What is a Christian?
That is a good question! You might feel bewildered by the answers these days. Britain is supposed to be a “Christian country.” A “Christian Democratic Party” exists in continental Europe. In addition, many people claim to be Christians: perhaps you are one of them. “I’m a Roman Catholic…” “I’ve been confirmed in Church and gone all my life.” “I was brought up Chapel, and I never do anybody any harm.”
It’s strange how we want to be our own authority concerning religion. With any other subject, we feel out of our depth and need some recognised authority to tell us. But with religious belief, “what I think” seems to be enough. I cannot imagine us doing the same with, say, a worrying pain in our left side. “What I think” is no safe guide to whether its indigestion or heart pain or cancer. Therefore, we consult the doctor — if anyone can sort it out, he can, or a specialist to whom he may refer me.
Why, then, be any different when it comes to what real Christianity is? “So, you reckon I have to trust a church minister to tell me?” Not necessarily. There is an authority higher than any of us, and that is the Bible. Any Christian minister who bases his answer on that Book can be trusted. But we can read the Bible for ourselves.
The Bible tells us that a Christian is someone who has felt a real need. He has been “convinced of sin” (John 16:8). Christianity is not a hobby or just a way of life. It is rescue, salvation. It stems from a God-given realisation that we have been life-long rebels against God, broken His laws and have offended His holy majesty. It does not begin by being good enough, but by realising that we are very bad. Then we are prepared for the provision of God’s forgiveness and new life through Jesus Christ. Without this sense of need, there is no concern to receive Christ and be saved.
You may read this as someone indifferent and unconcerned. And you may think this disproves Christianity. Quite the reverse. Your lack of any felt need simply confirms what the Bible teaches: that we are all like this until God awakens us to see ourselves as we really are. Then we are ready to appreciate the saving power of Jesus Christ. “They that are whole have no need of a physician, but they that are sick” (Matthew 9:12).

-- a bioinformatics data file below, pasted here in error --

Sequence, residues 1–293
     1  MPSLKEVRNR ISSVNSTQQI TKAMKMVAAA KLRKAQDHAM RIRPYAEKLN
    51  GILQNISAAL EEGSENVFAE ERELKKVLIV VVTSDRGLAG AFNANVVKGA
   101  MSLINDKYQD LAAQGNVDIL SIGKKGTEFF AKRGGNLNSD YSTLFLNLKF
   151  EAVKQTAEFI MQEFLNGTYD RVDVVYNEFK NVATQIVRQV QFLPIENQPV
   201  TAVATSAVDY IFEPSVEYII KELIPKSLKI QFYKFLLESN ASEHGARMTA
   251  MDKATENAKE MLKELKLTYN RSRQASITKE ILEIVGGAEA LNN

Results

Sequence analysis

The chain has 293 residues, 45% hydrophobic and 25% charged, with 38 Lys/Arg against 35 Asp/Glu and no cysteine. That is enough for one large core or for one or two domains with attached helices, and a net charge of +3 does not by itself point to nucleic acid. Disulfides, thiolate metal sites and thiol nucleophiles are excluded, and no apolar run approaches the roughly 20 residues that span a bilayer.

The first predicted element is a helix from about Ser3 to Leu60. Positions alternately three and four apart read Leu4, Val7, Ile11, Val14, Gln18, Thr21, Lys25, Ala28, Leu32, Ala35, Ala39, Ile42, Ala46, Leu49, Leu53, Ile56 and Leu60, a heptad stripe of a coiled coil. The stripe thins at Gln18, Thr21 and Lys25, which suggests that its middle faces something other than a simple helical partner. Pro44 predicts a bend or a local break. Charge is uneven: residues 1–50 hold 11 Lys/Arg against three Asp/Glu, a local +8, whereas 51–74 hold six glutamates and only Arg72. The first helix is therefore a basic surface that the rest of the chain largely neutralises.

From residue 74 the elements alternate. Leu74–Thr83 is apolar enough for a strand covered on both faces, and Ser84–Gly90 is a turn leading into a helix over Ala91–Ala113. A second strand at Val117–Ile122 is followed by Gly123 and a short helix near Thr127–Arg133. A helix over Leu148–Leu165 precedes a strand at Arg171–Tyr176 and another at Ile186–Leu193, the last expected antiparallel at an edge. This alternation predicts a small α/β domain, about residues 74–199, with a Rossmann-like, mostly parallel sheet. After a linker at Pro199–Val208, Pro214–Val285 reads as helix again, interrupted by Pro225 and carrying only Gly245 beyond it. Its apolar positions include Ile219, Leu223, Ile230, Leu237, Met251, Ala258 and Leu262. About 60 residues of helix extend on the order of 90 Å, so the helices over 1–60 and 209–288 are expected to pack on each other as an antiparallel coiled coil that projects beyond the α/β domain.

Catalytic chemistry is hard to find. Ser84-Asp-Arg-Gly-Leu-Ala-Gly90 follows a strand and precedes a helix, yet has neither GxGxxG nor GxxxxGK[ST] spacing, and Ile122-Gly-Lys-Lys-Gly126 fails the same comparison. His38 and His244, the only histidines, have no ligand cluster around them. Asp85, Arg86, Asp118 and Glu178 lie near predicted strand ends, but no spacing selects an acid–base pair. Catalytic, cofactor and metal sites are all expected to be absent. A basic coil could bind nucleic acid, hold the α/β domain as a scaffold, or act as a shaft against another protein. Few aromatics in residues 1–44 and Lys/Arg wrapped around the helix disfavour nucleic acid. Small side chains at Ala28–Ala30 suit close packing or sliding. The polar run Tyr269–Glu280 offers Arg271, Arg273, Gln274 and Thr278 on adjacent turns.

A Christian is also one who has a new understanding. He realises why Jesus Christ came into the world, died on the Cross and rose again from the dead. It was to save — to rescue — guilty, hell-deserving sinners. He “died for the ungodly” … “died for our sins” … “suffered once for sins, the just for the unjust, that he might bring us to God” (Romans 5:9; 1 Corinthians 15:3; 1 Peter 3:18). To those who understand their need, this Gospel message is good news: it means that Jesus has taken all our obligations and failures, all our sins and their punishment, upon Himself. He accepted the full consequences of them. That meant the horrific agonies of crucifixion and the wrath of a holy, sin-hating God, suffering a penal death and hell in our place. Such a person exclaims: “Jesus died for me!”
This is the way a righteous and yet merciful God has provided salvation: “For God so loved the world, that he gave his only begotten Son” (John 3:16). Do you see this? It is the heart of the Christian gospel, and the only way to peace with God and the peace of God. This is what a Christian understands and knows.
“But how do I benefit from what Christ has done for sinners?” you may ask. That, too, is a good question. After all, the provision of something is not the same as the possession of it. We possess God’s free salvation by simply asking for it: committing our guilty souls to Jesus Christ by personal trust. Then, what He did in His life and death becomes ours. We become reconciled to God and enter the Christian life — a real, living relationship with God. “Believe on the Lord Jesus Christ, and thou shalt be saved” (Acts 16:31).
Notice that nothing else is called for but prayerful trust in the Christ of God. This is because He has done all that is necessary to save sinners: His work is finished. To try to add our contribution, in any form, is to insult the free grace of God and put ourselves outside of salvation. Come to Jesus Christ, then, just as you are, confess your sin, ask Him to save you, put yourself entirely in His hands and He will. He will not turn you away; He says, “Him that cometh unto me I will in no wise cast out” (John 6:37).
Becoming a Christian means personally knowing Jesus Christ. But it is not a friendship of equals. At conversion, we “receive Christ Jesusthe Lord” (Colossians 2:6). That means a real Christian is someone whole lifestyle is under new management. Those whom Jesus saves He also progressively makes holy and prepared for heaven. Christians obey Jesus Christ, He says: “If ye continue in my word, then are ye my disciples indeed” (John 8:31). Obedience to what Jesus says in the Bible is the mark of a Christian. Yet, how many people claim to be Christians and never even read the Bible! Be sure of this — Jesus Christ does not own you as one of His saved ones if your life is not under government of Holy Scripture.
In the light of these things: ARE YOU REALLY A CHRISTIAN?
Rev. John Thackway, Pastor of Holywell Evangelical Church
Used with kind permission of the author